A Vancouver-based non-profit has launched a new tech-focused way of getting the community involved in their project.

AutismBC has launched the inaugural < / crack.the.code >, a new coding and programming event that will be hosted in Vancouver at the Hootsuite headquarters on March 10 and 11. The two days will be split up to focus on corporations and post-secondary institutions on March 10 with a hackathon, followed by local high schools on March 11 taking part in a problem-based coding competition.

The event is hosted by Vancouver’s tech darling Hootsuite and will look to raise funds to support the work AutismBC does, which involves providing education and training programs to workplaces and communities across the province. It is a registered non-profit and charity established in 1975 and led by parents that exists to help support individuals and families affected by autism.

“As Vancouver’s tech industry continues to grow and with coding now apart of the B.C. school curriculum, we see many individuals affected by autism excelling in STEM subjects,” says Andrew Pinfold, Director of Operations at AutismBC. “< / crack.the.code > will focus attention on the unique benefits that individuals with autism can bring to teams, in schools, workplaces and organizations and start new conversations around inclusion in the workplace to support the growing number of young adults with autism currently unemployed.”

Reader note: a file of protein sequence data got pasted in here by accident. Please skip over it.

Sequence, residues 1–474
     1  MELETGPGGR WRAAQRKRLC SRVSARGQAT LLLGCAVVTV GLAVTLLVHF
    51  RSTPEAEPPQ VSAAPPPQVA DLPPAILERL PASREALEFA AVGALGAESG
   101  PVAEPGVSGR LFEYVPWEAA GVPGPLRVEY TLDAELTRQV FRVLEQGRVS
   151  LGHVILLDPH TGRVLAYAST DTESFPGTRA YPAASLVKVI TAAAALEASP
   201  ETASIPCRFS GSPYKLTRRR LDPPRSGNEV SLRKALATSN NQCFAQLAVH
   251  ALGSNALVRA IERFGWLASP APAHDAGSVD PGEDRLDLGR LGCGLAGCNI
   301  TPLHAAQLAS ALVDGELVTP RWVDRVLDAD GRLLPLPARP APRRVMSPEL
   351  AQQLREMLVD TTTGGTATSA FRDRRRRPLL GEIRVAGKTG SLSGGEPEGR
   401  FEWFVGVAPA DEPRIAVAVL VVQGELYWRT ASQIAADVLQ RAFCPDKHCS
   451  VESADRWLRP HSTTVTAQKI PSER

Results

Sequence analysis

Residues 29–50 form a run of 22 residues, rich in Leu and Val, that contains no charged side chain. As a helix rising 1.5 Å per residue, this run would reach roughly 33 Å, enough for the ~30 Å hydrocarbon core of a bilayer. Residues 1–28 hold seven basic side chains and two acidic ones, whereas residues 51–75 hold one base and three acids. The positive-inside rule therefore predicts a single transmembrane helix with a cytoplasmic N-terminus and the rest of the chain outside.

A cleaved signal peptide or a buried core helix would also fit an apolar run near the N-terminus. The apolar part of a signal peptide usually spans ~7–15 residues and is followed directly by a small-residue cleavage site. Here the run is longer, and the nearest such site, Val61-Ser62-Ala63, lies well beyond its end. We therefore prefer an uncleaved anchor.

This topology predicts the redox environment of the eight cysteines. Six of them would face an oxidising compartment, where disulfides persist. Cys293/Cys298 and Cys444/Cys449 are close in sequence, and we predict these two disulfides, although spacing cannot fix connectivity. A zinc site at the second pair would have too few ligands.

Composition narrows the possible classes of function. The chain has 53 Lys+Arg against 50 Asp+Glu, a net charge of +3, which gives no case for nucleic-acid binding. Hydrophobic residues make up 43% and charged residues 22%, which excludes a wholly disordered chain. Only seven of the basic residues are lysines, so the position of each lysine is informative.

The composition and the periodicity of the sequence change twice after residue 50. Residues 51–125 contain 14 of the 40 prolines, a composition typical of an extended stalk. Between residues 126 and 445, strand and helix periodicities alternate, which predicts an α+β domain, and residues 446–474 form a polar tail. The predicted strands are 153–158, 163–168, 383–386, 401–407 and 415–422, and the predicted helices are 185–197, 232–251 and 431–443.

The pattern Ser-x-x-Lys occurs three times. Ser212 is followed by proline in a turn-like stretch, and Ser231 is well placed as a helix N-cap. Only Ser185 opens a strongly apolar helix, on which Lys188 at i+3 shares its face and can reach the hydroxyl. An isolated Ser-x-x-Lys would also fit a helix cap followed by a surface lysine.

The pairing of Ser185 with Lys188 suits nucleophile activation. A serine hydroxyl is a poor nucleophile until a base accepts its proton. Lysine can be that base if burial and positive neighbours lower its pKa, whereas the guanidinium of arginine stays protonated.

The March 10 hackathon will run for 12 hours on March 10, with the theme being released the previous night. The March 11 event will see teams of four given 50 different problems and three hours to solve them.

In B.C. alone, an estimated 56,000 people have an autism spectrum disorder diagnosis—44,000 of those are adults. Global reports indicate that 60 per cent of adults with autism are unemployed, but willing and capable of work. This is why AutismBC places such an emphasis on increasing the awareness of autism within the workforce.

“We are pleased to be hosting < / crack.the.code > and look forward to welcoming teams from across the industry to Hootsuite for this year’s competition,” said Matt Handford, Hootsuite’s SVP of People. “We are proud to support AutismBC as they drive forward the importance of diversity and inclusion in workplaces, and welcome the opportunity to help neurotypical and neurodiverse young people considering future careers in technology to participate in this unique event.”

Three different kinds of teams can enter: university, high school and corporate, and registration ends on February 28. There is a fee to enter for each tier fo team and fundraising support packs are available.

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